French President Emmanuel Macron is among those demanding that an eventual vaccine be available to all. But there's also money in play, and a market guided by a whole different set of priorities.
PARIS — The hunt is on, and the object of the quest is like a new Holy Grail. Indeed, finding a vaccine against the coronavirus has become a major goal for policymakers around the world, and for obvious reasons, given the scale of the pandemic and the risk of a second wave of COVID-19.
In this race against time, some 140 clinical trials have reportedly been launched. Earlier this week, Russia has even approved a vaccine, saying it plans to start mass vaccinations in the fall — although the announcement was met with skepticism from experts. But who will benefit from the vaccine if it is discovered? Will it be reserved only for rich countries that are able to quickly make the necessary investments to finance it? Or will it be widely available, and under what conditions?
In late April, the World Health Organization (WHO) launched ACT Accelerator (ACTA), a partnership of private, public and humanitarian actors to accelerate the development and "equitable distribution" of vaccines, diagnostic tests and therapies against COVID-19. As António Guterres, general secretary of the UN, argues: "Data must be shared ... and politics must be set aside."
Guterres is by no means alone in calling for broad access to the vaccine. On May 4, French President Emmanuel Macron was one of the first heads of state to use the phrase "global public good." The vaccine "will belong to no one, but it will belong to all of us' he said.
The remark was taken up again by Chinese President Xi Jinping at the WHO General Assembly on May 18. And on May 19, the EU called for "universal, rapid and equitable access to all products needed for the response to the pandemic," stressing the usefulness of "large-scale vaccination against COVID-19 as a global public good."
Actions, however, are struggling to match the rhetoric, and this disconnect marks a new stage in the crisis for multilateral institutions.
Since March, countries that can afford it have been rushing to guarantee priority access to the vaccine in return for funding. Donald Trump started the trend by trying to get a German laboratory to sign an exclusivity clause. A month later, Paul Hudson, head of the pharmaceutical group Sanofi, announced that he wanted to reserve the first profits from a vaccine for the United States and China, which financed the research (he later tried to walk that statement back). And in June, France, Germany, the Netherlands and Italy secured 400 million doses from the AstraZeneca laboratory.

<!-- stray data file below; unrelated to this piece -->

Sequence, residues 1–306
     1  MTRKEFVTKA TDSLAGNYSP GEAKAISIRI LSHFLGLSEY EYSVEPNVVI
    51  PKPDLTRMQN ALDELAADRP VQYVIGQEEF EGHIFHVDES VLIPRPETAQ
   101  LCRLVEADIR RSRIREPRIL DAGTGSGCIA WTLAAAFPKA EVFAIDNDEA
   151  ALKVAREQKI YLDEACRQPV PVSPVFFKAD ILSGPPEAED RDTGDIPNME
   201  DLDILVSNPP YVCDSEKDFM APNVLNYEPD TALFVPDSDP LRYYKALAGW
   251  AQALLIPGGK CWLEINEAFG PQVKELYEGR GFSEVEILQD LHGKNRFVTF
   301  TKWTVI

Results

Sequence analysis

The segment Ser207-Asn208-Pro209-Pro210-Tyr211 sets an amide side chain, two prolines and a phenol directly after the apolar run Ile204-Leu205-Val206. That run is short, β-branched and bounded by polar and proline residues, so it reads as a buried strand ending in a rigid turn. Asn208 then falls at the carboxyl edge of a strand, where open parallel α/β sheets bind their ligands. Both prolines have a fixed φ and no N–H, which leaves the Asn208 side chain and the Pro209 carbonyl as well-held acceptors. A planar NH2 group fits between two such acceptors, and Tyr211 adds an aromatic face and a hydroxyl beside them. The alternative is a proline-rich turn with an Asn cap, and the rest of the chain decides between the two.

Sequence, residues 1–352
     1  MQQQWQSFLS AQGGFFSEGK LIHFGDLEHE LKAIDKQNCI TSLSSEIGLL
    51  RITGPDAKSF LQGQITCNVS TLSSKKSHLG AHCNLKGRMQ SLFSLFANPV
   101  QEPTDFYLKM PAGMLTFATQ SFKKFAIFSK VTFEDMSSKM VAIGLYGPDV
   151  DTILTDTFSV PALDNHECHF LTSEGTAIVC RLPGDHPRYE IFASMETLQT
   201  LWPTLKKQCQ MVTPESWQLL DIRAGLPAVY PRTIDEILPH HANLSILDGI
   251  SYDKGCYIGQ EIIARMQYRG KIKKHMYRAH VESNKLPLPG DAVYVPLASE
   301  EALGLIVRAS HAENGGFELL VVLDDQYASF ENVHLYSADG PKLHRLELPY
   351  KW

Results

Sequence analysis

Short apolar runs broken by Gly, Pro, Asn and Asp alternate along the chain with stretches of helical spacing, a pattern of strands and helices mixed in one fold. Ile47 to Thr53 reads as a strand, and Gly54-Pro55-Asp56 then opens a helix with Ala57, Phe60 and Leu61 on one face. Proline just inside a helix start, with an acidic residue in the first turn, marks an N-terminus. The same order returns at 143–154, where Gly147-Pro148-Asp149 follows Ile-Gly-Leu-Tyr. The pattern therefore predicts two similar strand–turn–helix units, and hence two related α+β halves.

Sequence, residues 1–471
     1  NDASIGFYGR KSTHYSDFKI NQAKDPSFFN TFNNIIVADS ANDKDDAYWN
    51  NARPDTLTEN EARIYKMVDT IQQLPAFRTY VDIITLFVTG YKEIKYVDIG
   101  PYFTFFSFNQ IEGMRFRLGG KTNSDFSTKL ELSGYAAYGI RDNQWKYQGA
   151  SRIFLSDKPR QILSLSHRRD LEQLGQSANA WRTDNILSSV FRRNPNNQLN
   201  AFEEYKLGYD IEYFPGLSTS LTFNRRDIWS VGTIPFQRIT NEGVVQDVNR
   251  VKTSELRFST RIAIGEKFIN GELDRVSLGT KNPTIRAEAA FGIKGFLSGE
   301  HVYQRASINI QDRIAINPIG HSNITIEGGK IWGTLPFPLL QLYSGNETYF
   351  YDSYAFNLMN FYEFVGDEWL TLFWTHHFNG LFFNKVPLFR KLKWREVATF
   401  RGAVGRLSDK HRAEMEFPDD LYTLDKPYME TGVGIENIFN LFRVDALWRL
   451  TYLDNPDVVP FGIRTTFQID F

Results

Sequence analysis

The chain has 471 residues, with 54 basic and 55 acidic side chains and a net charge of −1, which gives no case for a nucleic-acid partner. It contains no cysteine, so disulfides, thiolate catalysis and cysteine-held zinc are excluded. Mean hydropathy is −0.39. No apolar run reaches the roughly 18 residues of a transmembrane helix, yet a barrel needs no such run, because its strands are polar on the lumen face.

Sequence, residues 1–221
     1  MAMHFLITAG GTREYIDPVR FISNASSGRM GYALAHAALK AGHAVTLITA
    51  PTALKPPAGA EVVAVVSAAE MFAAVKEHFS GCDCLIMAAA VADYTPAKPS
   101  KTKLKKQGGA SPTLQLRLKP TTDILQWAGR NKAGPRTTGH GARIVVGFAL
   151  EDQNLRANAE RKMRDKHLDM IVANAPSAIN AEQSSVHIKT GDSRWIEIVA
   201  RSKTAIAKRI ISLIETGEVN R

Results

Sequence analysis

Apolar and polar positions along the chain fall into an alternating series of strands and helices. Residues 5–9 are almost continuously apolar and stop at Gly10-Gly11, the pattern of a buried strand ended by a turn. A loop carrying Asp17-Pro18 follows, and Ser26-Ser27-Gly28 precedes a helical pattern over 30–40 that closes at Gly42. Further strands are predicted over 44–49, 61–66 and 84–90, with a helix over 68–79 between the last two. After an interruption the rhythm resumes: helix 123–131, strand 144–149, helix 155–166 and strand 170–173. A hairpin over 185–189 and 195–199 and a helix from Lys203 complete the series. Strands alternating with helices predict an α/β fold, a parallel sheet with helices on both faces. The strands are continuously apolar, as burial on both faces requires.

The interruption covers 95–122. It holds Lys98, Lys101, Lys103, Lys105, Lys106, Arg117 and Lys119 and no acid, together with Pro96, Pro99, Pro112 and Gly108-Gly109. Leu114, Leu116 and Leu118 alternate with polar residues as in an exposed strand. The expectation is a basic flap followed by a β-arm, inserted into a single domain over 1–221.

Data must be shared... and politics must be set aside.
In an op-ed published on June 27 in the Journal du Dimanche, the heads of various humanitarian organizations fired back, lambasting this "vaccine nationalism" and arguing that the competition between countries is counter-productive.
"In fact, countries have deconstructed the common logic, transforming ACTA into an initiative that will manage the crumbs instead, because they will be served after the others," says Nathalie Ernoult, researcher at the Institute of International and Strategic Relations (IRIS) and head of the "Access to Essential Medicines' campaign by the NGO Doctors Without Borders/Médecins Sans Frontières (MSF).
Theory and practice
Where does the notion of "global public good" come from? The term first appeared in the 1980s and refers to such goods as environmental quality, peace, education, security and protection against major endemics. And by 2000, when the Millennium Development Goals were adopted in New York by 193 UN member states and numerous international organizations, a consensus had emerged that neither markets nor governments — "if left to their own devices," as then UN Secretary-General Kofi Annan stated — can be trusted to guarantee access to those essential goods.
French President Emmanuel Macron at the special European Council meeting in Brussels — Photo: Xinhua/ZUMA
"The notion of global public goods suggests that it's possible to move toward a fairer world that guarantees access to essential goods for the poorest," says Benjamin Coriat, professor of economics at the University of Paris-XIII and editor of the collective book The Return of the Commons, the Crisis of Proprietary Ideology in 2015.
"But it has remained a declaration of principle, without any legal measure guaranteeing a right of access to the poorest," he adds. "Care was taken not to define precisely which global public goods should be excluded from WTO agreements and the world of goods."